Our Channel is where you can learn more about life at H&W – see what inspires us and encourages us to share our thoughts. It usually concerns the world of design, but not always. Channels work best when there’s a back and forth, so please feel free to jump in.
In 2015, Vancouver-based artist Rebecca Bayer and artist/architect Matthew Soules created an installation called City Fabric. Using 800 lineal feet of orange construction netting, the pair stretched the material between concrete piers of the Burrard Street Bridge. Typically the eye-catching netting indicates dangerous construction zones, but here, with its intersecting transparent lines, the orange fabric takes on a new life. Read this month’s Orange.
This is a Fish-Box-Sledge by Studio Rogier Martens of Utrecht, Netherlands. The base of the sled is made of beech plywood with stainless steel runners and has been constructed to hold a standard Dutch fish crate. Just so you know, not all fish crates found in the Netherlands are orange – but we fully understand why they were attracted to this colour. Bundle up the small fry and go out for a ride! Read this month’s Orange.
For many Russian children growing up in the 1960s, this was the first toy they ever owned. They called their version of a roly-poly doll (which wobbles back and forth on a weighted base) a Nevalyashka doll – that’s Russian for “untopply.” They were manufactured in a military plant outside of Moscow and became an instant hit. This orange model really rocks! Read this month’s Orange.
Every two years, Desert X, an outdoor exhibition, presents a collection of art installations throughout California's Coachella Valley. SPECTER, a florescent orange monolith, was created for Desert X 2019 by Los Angeles-based artist Sterling Ruby. This brazen, reflective form stands in complete contrast to the surrounding earth tones of the serene natural landscape. Ruby wanted to establish an optical illusion that left viewers questioning "what was missing from the scene." Read this month’s Orange.
This is the Ayakita Dam in Japan. Constructed in 1960, it's a fine example of an arch dam built in the Brutalist architecture style. Arch dams are known to be effective designs to withstand earthquakes. We like their choice of orange for the dam’s command centres and attached orange flood gates. Read this month’s Orange.
Soon you will be able to quaff your freshly squeezed orange juice from a cup made from the discarded orange rinds. This new technology adds a polylactic acid to ground orange rinds to create a bioplastic that can be formed by a 3-D printer into recyclable cups. The machine has market-tested very well and the manufacturer is feeling the squeeze to get them to market ASAP. Read this month’s Orange.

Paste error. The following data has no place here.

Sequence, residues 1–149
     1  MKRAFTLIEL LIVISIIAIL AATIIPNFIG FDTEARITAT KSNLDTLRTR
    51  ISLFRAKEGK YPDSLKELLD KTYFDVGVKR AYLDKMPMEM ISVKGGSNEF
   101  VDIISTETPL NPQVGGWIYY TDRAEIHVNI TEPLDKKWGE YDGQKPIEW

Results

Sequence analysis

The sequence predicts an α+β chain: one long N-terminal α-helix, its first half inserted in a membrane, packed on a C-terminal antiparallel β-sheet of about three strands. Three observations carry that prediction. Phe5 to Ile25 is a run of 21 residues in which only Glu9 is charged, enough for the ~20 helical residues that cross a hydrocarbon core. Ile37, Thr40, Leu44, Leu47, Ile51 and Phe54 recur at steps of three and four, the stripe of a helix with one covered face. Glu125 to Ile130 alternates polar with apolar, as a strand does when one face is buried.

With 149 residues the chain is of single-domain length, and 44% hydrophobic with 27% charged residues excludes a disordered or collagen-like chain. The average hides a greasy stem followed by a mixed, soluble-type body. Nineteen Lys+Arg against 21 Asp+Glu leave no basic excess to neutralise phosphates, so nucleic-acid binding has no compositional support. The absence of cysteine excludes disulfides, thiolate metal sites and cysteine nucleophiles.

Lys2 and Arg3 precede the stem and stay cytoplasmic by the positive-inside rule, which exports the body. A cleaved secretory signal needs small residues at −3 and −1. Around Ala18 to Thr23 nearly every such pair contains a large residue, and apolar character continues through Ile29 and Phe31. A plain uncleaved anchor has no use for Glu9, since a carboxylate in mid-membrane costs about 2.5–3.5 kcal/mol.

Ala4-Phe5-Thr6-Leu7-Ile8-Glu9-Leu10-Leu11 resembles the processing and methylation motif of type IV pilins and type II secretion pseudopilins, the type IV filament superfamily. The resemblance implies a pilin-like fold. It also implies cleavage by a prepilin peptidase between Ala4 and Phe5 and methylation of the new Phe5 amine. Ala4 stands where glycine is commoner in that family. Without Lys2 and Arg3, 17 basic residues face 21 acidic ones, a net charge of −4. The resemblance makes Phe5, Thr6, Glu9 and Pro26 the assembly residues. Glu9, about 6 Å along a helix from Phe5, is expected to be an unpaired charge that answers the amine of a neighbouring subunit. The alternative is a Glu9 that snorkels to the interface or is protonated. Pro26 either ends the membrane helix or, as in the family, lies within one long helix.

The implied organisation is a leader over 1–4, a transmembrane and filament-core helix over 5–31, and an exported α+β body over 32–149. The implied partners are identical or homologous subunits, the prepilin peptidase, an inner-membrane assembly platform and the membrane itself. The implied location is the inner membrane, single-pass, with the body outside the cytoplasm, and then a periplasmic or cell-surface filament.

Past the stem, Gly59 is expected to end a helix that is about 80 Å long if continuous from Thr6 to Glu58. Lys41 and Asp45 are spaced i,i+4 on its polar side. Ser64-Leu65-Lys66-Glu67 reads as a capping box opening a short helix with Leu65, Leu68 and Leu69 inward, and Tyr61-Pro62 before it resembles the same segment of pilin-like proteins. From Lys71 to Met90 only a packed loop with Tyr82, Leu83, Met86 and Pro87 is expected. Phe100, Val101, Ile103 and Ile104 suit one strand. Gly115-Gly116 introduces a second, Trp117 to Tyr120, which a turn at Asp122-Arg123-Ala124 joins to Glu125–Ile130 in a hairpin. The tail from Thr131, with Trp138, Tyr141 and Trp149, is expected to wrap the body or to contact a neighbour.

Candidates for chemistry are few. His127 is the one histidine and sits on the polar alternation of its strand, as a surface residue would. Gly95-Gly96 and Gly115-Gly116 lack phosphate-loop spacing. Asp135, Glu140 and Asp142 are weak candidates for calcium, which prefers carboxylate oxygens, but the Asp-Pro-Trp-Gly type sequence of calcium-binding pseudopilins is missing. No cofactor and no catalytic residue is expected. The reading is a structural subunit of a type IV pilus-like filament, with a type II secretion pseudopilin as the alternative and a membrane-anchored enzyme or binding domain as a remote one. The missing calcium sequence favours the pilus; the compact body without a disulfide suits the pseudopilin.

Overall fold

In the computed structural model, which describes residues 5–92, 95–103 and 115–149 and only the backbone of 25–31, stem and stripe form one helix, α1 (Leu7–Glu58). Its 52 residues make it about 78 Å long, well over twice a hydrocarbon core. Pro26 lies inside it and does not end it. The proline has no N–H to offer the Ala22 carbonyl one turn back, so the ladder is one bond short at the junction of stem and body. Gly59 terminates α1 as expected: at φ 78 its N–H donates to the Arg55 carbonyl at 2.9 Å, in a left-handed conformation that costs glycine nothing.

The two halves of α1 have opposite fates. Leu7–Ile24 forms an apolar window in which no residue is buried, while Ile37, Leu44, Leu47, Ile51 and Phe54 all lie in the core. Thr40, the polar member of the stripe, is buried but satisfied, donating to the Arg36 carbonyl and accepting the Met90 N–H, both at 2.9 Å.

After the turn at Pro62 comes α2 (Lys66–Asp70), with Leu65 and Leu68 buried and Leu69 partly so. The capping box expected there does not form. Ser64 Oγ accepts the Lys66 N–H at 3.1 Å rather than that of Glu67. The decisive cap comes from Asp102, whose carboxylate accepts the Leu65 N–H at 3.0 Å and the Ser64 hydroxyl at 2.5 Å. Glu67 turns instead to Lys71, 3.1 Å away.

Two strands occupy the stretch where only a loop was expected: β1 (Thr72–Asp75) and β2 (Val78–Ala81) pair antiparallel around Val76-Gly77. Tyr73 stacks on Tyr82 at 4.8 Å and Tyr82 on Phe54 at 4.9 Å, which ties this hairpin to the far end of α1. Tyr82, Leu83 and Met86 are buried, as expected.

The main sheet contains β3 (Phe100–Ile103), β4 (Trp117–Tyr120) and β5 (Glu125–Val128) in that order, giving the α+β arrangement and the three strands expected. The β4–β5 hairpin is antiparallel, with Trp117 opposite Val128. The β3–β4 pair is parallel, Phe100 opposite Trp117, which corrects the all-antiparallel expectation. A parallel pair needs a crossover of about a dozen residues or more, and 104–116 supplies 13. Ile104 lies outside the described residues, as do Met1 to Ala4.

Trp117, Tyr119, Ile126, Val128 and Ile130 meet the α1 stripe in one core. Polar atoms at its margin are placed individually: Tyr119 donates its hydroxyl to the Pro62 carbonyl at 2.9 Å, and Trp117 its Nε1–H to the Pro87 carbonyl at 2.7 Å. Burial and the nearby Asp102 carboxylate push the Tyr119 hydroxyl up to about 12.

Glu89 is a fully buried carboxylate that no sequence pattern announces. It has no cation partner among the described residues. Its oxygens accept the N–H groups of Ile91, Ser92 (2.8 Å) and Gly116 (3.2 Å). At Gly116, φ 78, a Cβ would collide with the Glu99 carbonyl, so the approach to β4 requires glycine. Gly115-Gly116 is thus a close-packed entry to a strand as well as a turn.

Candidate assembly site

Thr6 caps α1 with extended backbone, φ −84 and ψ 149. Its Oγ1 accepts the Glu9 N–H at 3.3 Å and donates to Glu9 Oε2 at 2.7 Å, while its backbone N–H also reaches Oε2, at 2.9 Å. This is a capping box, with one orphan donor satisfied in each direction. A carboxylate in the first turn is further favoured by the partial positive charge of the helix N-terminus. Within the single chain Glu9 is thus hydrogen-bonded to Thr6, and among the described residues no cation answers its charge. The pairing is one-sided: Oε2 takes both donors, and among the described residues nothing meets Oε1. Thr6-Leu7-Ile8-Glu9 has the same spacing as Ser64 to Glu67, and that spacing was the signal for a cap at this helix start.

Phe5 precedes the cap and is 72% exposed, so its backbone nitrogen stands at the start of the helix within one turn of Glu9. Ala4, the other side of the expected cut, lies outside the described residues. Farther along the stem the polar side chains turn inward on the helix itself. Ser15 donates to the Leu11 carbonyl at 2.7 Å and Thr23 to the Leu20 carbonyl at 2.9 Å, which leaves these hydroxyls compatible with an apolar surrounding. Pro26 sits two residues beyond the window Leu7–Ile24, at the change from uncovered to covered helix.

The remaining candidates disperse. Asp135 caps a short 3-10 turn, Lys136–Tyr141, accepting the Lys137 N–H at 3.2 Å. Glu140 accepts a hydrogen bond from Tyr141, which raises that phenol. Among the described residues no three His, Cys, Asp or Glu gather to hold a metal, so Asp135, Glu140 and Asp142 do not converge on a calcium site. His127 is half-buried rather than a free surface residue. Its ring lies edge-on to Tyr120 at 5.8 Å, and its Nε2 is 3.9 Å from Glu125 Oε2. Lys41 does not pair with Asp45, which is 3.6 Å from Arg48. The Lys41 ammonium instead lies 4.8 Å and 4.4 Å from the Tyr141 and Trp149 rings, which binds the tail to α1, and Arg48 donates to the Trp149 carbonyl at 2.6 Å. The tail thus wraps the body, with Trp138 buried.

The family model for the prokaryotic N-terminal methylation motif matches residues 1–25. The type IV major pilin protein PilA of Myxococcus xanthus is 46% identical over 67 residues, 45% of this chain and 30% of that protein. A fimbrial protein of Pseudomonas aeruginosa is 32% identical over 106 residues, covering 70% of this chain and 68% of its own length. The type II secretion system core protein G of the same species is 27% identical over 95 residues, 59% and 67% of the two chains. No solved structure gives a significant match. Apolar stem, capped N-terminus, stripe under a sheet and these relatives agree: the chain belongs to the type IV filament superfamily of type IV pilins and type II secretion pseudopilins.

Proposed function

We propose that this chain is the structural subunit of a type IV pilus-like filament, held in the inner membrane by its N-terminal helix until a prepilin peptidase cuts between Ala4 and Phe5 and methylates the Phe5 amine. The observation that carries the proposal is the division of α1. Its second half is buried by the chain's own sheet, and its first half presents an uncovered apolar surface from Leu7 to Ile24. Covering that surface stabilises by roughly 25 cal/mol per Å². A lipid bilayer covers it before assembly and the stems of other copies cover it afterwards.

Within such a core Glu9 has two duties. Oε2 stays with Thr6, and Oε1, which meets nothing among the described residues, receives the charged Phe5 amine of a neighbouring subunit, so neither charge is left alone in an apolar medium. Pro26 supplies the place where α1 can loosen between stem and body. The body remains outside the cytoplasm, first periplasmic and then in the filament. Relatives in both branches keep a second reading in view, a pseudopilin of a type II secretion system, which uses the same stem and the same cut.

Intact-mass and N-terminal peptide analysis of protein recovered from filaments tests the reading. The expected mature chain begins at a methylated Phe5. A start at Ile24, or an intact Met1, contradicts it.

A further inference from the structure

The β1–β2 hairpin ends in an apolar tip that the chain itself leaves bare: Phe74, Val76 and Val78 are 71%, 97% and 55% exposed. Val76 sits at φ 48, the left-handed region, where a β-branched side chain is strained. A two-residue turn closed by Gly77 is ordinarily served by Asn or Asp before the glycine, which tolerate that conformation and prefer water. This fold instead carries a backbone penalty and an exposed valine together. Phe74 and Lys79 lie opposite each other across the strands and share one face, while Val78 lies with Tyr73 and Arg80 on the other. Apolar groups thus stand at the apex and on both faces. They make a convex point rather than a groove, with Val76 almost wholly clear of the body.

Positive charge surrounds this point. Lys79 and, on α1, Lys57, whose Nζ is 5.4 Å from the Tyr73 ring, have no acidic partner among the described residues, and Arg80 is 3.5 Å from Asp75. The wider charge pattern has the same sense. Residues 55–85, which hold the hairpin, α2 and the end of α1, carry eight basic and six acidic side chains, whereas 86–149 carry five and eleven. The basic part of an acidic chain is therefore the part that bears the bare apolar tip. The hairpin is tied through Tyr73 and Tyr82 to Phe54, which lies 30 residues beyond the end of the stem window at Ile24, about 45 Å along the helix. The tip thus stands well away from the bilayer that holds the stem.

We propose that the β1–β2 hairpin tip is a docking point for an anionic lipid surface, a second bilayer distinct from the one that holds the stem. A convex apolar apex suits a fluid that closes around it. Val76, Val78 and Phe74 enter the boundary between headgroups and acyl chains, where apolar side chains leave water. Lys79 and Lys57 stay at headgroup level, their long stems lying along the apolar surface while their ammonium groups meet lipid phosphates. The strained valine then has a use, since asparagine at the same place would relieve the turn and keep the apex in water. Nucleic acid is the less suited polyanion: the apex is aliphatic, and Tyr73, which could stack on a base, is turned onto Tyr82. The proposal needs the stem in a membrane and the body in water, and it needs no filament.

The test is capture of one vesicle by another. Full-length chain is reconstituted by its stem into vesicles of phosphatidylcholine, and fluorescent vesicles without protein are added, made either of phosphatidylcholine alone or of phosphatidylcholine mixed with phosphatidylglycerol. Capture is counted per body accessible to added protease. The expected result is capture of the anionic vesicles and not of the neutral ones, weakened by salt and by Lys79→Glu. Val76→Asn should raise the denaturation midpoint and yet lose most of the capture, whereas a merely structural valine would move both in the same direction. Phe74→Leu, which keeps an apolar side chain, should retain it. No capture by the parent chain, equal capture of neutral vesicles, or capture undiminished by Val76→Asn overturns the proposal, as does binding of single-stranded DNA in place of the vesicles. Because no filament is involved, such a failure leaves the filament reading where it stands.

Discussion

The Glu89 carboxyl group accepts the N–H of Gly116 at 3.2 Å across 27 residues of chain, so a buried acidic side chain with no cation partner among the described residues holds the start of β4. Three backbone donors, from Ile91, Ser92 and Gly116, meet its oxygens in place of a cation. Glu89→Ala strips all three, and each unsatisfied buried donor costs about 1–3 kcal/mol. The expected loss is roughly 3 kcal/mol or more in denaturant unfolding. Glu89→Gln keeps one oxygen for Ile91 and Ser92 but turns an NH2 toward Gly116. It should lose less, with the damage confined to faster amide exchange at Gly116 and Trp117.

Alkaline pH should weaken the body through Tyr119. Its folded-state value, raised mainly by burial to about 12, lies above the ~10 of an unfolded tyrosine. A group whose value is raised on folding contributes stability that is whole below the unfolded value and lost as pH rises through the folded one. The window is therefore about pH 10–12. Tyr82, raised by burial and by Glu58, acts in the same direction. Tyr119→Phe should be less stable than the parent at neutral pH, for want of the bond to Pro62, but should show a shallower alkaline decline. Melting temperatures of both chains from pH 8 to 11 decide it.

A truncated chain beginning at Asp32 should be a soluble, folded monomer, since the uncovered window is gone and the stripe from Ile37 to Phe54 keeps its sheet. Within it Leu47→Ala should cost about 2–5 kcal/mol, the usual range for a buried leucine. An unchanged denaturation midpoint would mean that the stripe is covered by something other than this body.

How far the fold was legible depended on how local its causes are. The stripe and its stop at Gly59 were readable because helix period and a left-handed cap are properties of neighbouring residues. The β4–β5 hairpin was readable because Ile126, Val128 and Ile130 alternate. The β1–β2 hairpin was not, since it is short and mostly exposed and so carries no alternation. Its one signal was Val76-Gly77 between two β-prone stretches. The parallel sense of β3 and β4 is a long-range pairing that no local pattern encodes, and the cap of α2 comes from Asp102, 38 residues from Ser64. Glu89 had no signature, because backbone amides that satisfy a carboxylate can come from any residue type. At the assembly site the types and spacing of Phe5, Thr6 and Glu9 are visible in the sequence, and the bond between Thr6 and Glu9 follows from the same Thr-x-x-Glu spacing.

After ten years of growth, the North American RV industry says sales are starting to slow down. Fifty years ago, this was the RV to own. It’s a 1969 Volkswagen 21 Window Bus. And yes, it has 21 windows! Many vans back then were covered in sunbursts, flower stickers and peace symbols – but we prefer this pristine, persimmon orange and tan classic. Now that’s a sweet ride. Read this month’s Orange.
It was fifty years ago that NASA’s Apollo 11 took humans to the moon. Upon the return voyage, the command module Columbia was travelling at a speed of 25,000 MPH as it entered the earth’s atmosphere. The spacecraft’s heat shields protected the astronauts from temperatures of 5,000 degrees Fahrenheit by deflecting and absorbing the extreme heat. NASA said that the Columbia, for a short time, would have resembled a flaming orange ball of fire! Read this month’s Orange.
The runway was filled with excitement at this year’s annual BA fashion show at London’s renown art school – Central Saint Martins. Fashion student Fredrik Tjaerandsen presented his collection of shape-shifting balloons that engulfed the models. As they proceeded along the runway the balloons deflated to form dresses or skirts. All in all, a remarkably creative display. Our favourite, of course, was the orange balloon. Read this month’s Orange.
This striking, 23-storey building in Leeds, England is made from Cor-ten steel, a material that turns rusty-orange as it weathers. The architects say that the work of sculptors Barbara Hepworth and Henry Moore, who both attended art school in Leeds, influenced their design concepts. In 2010, the Broadcast Tower at Leeds Beckett University was selected by The Council on Tall Buildings and Urban Habitat as one of the four best towers erected in Europe. Read this month’s Orange.